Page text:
House Democrats pushed their government eavesdropping bill through two committees Wednesday with only minor changes, setting the stage for a confrontation with the Bush administration.
President Bush said that he will not sign the bill if it does not give retroactive immunity to U.S. telecommunications companies that helped conduct electronic surveillance without court orders.
Bush said the bill, which envisions a greater role for a secret court in overseeing U.S. surveillance of overseas communications, would "take us backward" in efforts to thwart terrorism.
Congressional Democrats have put on the back burner legislation ordering troops home from Iraq and turned their attention to war-related proposals that Republicans are finding hard to reject.
The legislative agenda marks a dramatic shift for party leaders who vowed repeated votes to end combat and predicted Republicans would eventually join them. But with Democrats still lacking enough votes to bring troops home, the party runs the risk of concluding its first year in control of Congress with little to show for its tough anti-war rhetoric.
Facing untimely resignations, an unpopular war and a troubling 2008 election landscape, Senate Republicans didn't need another headache this week.
But they got one anyway when Sen. Larry Craig vowed Thursday to serve out the last 15 months of his term, despite a court ruling that left intact his guilty plea in a sex sting operation.
The Idaho Republican's decision gives his GOP colleagues two unpleasant choices. They can resume pressuring him to leave, and risk being seen as disloyal politicians who go harder on alleged homosexual misdeeds than on heterosexual wrongdoings.
A defense contractor appeared for the first day of his trial Wednesday on charges that he paid 700,000 dollars in bribes to a former prominent US lawmaker who has since been sentenced for corruption.
Federal prosecutors accuse Brent Wilkes, the chief of firm ADCS Inc., of bribing former representative Randall "Duke" Cunningham in exchange for the California politician's help in winning lucrative government defense contracts.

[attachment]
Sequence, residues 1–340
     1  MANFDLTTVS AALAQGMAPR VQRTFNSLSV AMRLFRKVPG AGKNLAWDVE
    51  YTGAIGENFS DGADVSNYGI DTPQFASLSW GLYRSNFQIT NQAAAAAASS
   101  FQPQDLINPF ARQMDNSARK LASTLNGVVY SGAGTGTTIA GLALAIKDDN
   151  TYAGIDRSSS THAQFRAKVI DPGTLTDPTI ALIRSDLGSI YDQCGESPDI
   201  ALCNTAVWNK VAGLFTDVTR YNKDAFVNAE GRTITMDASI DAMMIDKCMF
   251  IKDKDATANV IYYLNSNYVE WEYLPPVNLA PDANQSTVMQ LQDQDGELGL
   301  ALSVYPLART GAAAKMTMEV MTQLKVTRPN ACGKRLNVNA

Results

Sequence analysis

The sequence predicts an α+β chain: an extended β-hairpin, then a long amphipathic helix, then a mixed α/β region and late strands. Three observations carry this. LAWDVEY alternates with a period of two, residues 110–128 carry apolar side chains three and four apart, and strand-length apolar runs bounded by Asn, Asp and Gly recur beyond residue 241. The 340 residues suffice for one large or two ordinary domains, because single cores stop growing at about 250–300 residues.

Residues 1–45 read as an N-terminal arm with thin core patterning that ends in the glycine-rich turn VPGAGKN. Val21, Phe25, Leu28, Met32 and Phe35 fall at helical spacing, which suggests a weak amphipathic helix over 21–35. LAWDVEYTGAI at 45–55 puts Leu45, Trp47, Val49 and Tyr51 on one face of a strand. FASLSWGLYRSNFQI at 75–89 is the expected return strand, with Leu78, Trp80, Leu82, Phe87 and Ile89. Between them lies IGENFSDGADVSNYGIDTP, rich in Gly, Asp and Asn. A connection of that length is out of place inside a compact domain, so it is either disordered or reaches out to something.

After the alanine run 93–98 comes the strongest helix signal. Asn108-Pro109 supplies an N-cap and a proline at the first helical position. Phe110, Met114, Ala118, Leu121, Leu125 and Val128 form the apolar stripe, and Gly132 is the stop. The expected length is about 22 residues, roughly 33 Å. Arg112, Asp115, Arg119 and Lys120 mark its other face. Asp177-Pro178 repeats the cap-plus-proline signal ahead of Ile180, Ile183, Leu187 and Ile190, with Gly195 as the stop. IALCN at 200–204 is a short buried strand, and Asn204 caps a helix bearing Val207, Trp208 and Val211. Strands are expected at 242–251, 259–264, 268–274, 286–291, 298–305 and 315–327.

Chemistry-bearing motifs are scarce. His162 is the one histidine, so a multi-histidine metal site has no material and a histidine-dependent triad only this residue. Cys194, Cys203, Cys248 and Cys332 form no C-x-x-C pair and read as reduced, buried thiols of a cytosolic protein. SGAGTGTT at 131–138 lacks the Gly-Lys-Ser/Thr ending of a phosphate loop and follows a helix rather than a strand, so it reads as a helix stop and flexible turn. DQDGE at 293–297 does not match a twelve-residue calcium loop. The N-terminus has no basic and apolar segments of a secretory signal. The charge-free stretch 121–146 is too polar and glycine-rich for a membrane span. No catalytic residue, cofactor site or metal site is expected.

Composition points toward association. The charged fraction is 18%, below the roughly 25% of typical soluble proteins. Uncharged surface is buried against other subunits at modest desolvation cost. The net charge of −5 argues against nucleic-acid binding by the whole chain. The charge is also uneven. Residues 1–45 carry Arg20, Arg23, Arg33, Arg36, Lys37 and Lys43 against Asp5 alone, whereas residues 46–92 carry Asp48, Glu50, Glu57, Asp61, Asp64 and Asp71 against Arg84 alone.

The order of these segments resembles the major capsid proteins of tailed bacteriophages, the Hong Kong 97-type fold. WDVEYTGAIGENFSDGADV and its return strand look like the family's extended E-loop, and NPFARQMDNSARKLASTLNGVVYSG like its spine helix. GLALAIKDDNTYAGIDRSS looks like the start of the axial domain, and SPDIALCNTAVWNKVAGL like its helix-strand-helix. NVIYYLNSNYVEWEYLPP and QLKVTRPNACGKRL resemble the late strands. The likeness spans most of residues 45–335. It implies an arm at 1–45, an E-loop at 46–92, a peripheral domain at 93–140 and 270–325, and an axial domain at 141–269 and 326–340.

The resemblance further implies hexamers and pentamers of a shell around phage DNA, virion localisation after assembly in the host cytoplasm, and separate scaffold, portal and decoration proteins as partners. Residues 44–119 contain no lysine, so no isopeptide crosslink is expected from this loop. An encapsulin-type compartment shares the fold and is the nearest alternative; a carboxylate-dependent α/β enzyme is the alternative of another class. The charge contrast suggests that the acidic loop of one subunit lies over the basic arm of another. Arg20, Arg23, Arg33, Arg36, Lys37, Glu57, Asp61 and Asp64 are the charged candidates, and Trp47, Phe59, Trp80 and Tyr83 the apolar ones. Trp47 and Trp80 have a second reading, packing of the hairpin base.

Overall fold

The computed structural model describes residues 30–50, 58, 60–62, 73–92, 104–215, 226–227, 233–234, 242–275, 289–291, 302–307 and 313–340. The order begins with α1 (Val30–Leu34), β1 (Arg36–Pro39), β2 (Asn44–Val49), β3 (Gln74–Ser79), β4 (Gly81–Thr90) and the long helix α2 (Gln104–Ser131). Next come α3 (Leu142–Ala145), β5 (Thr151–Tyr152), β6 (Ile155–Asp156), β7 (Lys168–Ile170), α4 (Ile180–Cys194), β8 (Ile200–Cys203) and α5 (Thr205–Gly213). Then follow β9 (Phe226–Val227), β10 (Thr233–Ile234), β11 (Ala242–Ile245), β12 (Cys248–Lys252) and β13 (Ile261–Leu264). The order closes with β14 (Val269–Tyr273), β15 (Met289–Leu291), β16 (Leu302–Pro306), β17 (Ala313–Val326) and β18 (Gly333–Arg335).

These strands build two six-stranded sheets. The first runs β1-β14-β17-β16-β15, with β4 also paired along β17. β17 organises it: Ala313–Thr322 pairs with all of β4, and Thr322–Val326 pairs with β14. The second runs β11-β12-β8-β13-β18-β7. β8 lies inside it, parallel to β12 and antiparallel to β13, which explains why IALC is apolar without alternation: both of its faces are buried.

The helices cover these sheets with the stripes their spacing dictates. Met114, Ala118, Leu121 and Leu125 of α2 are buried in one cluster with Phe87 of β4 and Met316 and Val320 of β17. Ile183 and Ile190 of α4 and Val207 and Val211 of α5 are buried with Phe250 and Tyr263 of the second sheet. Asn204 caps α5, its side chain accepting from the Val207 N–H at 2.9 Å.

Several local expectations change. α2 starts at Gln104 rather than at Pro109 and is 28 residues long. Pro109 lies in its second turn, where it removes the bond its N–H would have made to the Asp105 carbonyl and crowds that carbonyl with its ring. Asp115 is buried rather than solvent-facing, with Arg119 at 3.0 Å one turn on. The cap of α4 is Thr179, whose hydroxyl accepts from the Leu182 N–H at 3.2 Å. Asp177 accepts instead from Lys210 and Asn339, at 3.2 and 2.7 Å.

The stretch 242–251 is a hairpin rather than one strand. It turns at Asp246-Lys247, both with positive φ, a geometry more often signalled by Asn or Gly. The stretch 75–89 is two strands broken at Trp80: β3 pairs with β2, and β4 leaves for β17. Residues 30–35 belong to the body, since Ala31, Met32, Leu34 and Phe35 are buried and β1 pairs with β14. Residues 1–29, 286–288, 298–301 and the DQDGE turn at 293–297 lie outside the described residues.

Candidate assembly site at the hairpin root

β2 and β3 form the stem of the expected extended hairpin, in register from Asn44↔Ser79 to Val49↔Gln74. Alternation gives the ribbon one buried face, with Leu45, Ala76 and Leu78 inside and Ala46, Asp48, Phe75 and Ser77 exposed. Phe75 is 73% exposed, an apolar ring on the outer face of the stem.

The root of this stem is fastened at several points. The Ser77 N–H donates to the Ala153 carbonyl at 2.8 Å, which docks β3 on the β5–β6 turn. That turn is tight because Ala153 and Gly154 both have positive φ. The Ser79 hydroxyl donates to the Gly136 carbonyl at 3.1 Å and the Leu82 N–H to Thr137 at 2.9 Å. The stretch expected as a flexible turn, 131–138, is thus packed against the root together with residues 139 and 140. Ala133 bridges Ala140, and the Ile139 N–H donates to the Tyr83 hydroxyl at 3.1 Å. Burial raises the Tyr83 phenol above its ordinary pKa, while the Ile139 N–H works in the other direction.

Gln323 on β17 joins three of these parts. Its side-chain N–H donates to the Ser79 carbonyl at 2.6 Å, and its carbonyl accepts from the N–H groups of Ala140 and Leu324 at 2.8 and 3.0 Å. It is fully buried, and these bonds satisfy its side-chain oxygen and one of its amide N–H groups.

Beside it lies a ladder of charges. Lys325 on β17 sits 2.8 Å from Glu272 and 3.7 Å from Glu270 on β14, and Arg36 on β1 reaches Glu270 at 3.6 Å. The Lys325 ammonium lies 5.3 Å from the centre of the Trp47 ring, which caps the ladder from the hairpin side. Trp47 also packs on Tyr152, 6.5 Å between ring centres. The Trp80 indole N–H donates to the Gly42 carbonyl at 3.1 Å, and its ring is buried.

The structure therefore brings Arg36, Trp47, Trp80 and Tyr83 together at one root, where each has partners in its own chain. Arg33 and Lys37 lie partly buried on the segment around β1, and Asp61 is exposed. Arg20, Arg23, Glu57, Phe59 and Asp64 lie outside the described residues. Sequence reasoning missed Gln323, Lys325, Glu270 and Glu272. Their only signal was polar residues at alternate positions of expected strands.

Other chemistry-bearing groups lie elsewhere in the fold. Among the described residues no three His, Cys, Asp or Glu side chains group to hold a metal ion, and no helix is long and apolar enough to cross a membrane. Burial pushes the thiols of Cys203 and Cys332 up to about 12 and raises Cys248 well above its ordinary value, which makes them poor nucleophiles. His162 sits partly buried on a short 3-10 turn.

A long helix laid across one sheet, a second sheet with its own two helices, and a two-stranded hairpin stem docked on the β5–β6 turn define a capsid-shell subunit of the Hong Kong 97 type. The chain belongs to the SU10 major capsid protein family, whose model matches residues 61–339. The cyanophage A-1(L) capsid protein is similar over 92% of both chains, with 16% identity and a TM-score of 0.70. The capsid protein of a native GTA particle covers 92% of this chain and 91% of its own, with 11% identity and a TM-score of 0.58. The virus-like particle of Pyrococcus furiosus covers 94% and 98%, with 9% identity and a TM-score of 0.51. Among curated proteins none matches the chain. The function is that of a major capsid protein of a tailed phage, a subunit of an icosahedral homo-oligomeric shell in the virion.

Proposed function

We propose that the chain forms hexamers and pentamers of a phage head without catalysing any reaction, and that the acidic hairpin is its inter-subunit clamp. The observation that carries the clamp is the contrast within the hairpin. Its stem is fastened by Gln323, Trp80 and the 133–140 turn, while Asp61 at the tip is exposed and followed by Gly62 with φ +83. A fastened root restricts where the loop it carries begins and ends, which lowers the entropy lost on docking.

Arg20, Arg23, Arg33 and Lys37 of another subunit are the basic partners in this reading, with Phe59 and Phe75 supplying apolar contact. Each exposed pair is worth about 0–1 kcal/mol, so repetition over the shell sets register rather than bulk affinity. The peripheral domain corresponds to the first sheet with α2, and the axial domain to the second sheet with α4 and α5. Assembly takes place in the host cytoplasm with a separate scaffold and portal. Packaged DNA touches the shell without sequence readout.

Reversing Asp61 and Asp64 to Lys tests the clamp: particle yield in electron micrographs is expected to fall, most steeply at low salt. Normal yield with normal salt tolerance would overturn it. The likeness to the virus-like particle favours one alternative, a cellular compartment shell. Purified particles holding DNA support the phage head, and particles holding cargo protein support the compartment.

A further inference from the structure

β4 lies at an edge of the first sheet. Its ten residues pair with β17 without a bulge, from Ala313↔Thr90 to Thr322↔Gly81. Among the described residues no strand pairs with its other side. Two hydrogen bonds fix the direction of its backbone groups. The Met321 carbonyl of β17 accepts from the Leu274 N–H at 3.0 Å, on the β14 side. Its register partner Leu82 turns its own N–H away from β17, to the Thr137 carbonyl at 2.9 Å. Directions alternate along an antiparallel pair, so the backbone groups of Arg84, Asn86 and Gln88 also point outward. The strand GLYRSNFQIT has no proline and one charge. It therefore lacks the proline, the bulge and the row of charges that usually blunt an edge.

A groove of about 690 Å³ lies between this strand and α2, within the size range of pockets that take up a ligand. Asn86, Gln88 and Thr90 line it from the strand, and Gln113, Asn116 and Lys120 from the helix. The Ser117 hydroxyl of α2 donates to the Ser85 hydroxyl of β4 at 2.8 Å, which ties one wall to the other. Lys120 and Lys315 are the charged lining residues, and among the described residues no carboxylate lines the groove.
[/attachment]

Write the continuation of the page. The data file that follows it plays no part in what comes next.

Cunningham, a 65-year-old Vietnam War veteran, was sentenced to eight years and four months in prison in March 2006 after he pleaded guilty to taking bribes.
The US House of Representatives on Tuesday voted overwhelmingly to require President George W. Bush to tell Congress how he plans to eventually extricate US troops from Iraq.
Though the measure does not include the timetables for withdrawal that Bush has long resisted, it does require him to lay out how much contingency planning is being done for an eventual pull-back of American soldiers.
The bill, which passed by a vote of 377 to 46 after securing the support of lawmakers from Bush's Republican Party, would not require the president to change his Iraq strategy.
The US Senate Monday passed a mammoth 648 billion dollar defense policy bill, shorn of attempts by disappointed anti-war Democrats to dictate President George W. Bush's Iraq strategy.
The bill included around 128 billion dollars for the wars in Afghanistan and Iraq, according to a Congressional Budget Office estimate.
The legislation passed by 92 votes to three after Democrats lost several attempts to dictate US troop levels in Iraq.
Nobody can dispute that Barack Obama opposed the Iraq war from the start and, with striking prescience, predicted U.S. troops would be mired in a costly conflict that fanned "the flames of the Middle East."
But nobody should accept at face value the Illinois senator's claim that he was a "courageous leader" who opposed the war at great political risk.
The truth is that while Obama showed foreign policy savvy and an ability to keenly analyze both sides of an issue in his October 2002 warnings on Iraq, the political upside of his position rivaled any risk.
Interest on Capitol Hill is growing to create a government-run "Do Not Mail" list to fight back against the mountains of junk mail clogging Americans' mailboxes.
Across the country, at least 15 states are currently considering no-mail lists that are loosely based on the wildly popular Do Not Call list that gave us back our dinner hours free from telemarketers. Now some in Congress are mulling a federal junk-mail registry, as well.
It is gallows humor time for Republicans in Congress, where one lawmaker jokes that "there's talk about us going the way of the Whigs," the 19th century political party long extinct.
"That's not going to happen," Rep. Tom Davis, R-Va., hastens to add, although a little more than a year before the 2008 election, the major leading political indicators still point downward for a party abruptly turned out of power in 2006.
Fundraising for Republican campaign organizations lags. That is strikingly so in the House, where the party committee spent more than it raised in each of the past two months, reported only $1.6 million in the bank at the end of August and a debt of nearly $4 million.
The drawdown of troops in Iraq without leaving the country and the region in absolute chaos needs one elusive ingredient to succeed -- bipartisanship. Without some political detente between Republicans and Democrats and the White House and Congress, the insurgents, terrorists and warring political factions will continue to be emboldened.